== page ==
WEEK 1: STOP THE BLEEDING
"It seems like an obvious thing to figure out, but many men don't know how much they make and spend each month," says John Osorio, a Manhattan financial planner. Income is easy. Expenses are trickier. Keep a journal of everything--student loans, dry cleaning, morning lattes. For expenses that vary widely, such as your heating bill, use a monthly average. And don't forget occasional expenses: Divide your annual car-insurance payment by 12, for example. As for credit cards, tally up the average amount of new charges you've been accruing for the past 6 months. Are you running a deficit? Find ways to balance your budget now.
WEEK 2: SURVEY THE DAMAGE
As long as you have credit card debt, you'll be poor. It's a simple truth. Accept it, then do something about it. The problem is not the amount you owe, but what it's standing in the way of: a down payment on a house, a rainy-day savings account, your ability to contribute more to your 401(k), a higher credit rating. Don't just transfer your debt from one low-rate card to the next, either--eliminate it. One great strategy: Refinance your balance through a credit union, says Susan McGinnis, Men's Health's in-house money manager. Your interest rate will be half of what most credit cards charge.
WEEK 3: SELL YOUR STOCKS
Uncovering the next Microsoft takes hard work and dumb luck. By this we mean, buying individual stocks is at worst a waste of money, and at best not necessary. Instead, max out your retirement plan at work, advises Gary Schatsky, a New York financial planner. If you can't afford the max--$14,000 for your 401(k) this year--at least contribute up to the company match. Consider: Sock away just $5,000 a year in a 401(k) starting at age 22 and, assuming a conservative 8 percent return, it'll grow to $1.6 million by age 65.
WEEK 4: BADGER YOUR BOSS
Okay, so now that you're losing less, it's time to bring in more. Here's what not to do: March into your boss's office and declare, "If you won't pay me what I'm worth, I'll find a company that will." Instead, lay the groundwork now for a big raise next year, says Deborah Kolb, author of Everyday Negotiation and a professor at the Simmons School of Management.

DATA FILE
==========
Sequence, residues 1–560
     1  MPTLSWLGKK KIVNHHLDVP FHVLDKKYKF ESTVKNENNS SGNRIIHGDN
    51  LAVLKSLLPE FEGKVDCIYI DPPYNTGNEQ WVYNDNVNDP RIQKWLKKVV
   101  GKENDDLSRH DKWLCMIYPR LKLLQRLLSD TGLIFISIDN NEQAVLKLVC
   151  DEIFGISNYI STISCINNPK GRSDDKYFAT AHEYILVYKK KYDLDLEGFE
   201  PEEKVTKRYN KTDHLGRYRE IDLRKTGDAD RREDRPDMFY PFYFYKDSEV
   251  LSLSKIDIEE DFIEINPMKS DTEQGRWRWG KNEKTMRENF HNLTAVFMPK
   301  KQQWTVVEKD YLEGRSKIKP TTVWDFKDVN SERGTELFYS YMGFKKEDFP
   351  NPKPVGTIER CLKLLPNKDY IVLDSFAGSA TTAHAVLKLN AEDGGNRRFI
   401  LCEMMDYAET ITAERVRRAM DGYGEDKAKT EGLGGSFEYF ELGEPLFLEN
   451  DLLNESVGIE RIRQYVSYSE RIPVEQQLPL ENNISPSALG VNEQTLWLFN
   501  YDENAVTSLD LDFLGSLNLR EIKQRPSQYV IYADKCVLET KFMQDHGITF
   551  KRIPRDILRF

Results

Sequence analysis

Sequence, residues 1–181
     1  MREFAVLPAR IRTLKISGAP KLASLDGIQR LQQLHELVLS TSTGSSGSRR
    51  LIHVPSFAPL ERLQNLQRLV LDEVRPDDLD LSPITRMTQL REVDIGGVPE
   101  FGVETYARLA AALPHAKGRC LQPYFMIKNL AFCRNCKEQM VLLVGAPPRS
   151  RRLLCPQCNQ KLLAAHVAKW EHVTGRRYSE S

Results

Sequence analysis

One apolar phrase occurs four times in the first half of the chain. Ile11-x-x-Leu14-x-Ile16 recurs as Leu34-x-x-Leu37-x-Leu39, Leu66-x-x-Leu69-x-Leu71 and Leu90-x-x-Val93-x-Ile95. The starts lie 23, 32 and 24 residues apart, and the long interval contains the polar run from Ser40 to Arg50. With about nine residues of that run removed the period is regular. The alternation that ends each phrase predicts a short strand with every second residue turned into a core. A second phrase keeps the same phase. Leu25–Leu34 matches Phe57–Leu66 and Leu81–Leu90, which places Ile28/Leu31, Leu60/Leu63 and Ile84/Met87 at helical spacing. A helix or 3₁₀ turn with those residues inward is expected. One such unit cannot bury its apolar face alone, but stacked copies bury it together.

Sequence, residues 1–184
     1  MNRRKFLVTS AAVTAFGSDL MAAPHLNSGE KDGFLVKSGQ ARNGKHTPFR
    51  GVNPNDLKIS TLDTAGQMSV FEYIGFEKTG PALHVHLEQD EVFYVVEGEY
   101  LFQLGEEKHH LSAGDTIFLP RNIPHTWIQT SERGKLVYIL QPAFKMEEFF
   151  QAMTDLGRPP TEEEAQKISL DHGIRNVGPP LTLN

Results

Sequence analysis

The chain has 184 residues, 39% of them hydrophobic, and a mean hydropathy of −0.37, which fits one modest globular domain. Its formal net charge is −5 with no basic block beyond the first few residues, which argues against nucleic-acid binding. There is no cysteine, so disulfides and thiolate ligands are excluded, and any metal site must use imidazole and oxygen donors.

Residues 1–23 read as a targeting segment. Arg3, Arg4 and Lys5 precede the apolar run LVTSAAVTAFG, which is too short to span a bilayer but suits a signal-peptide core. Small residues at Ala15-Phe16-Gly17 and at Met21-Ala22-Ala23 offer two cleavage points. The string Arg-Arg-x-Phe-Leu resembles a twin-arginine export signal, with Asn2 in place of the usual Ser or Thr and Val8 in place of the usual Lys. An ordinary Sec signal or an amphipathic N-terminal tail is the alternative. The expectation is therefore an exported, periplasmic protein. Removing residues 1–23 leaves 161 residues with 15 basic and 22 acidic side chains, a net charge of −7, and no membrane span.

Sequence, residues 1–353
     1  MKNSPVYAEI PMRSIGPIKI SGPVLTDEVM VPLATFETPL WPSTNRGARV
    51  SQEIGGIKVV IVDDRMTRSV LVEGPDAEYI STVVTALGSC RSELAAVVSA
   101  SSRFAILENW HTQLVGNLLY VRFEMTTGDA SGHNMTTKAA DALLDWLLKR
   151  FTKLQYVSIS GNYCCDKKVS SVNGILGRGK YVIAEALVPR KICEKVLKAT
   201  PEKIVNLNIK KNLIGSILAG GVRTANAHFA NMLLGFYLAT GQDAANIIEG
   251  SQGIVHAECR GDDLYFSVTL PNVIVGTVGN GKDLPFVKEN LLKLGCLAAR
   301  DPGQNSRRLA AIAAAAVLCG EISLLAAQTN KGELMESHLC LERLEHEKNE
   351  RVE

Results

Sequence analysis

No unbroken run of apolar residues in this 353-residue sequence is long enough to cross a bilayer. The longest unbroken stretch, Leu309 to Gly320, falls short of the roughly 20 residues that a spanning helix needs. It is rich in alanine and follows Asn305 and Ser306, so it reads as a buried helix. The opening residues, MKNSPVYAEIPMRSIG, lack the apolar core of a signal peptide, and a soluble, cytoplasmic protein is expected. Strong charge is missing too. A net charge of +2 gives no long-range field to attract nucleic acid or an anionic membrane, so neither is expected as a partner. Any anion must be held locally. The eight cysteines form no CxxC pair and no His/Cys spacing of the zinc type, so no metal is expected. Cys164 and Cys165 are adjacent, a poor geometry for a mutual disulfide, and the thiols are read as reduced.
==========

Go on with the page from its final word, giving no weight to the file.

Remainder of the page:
Start by periodically reminding your boss how much you do--just drop it in conversation. Next, schedule a series of quick meetings to update him on the projects you're working on. Finally, 6 months before the next round of raises, meet with him formally. Tell him exactly what you believe you're worth, Kolb says. Then ask him for a 6-month plan, with specific goals, to take you there.
WEEK 5: READ THE REAL-ESTATE SECTION
It's no secret that real estate has made a lot of people rich over the past decade. It's also no secret the bubble could pop like Ashlee Simpson's career any minute now. None of this matters. It's still a smart investment for two reasons: First, every payment you make builds equity in the property--it's just like putting money in a savings account. And second, the interest you pay is tax deductible. Combine these two factors and the "real" monthly cost is half of what it seems. If the house rises in value as well--real estate has gone up 4 percent a year historically--that's gravy. Caveat: Don't buy unless you'll stay for a while, notes Schatsky, lest closing costs and Realtor fees eat up your gains.
WEEK 6: REAP THE REWARDS
Do everything right and money eventually won't be a barrier to (a) early retirement or (b) a career change. Always wanted to, say, start a business? Plan for that day now by taking night classes to earn your MBA --your current company will likely pick up some of the cost, and the rest will be tax deductible. "Besides," says Kolb, "it'll enhance your value at the office as well."
Photographs by: Josef Astor, By: Brian P. Murphy
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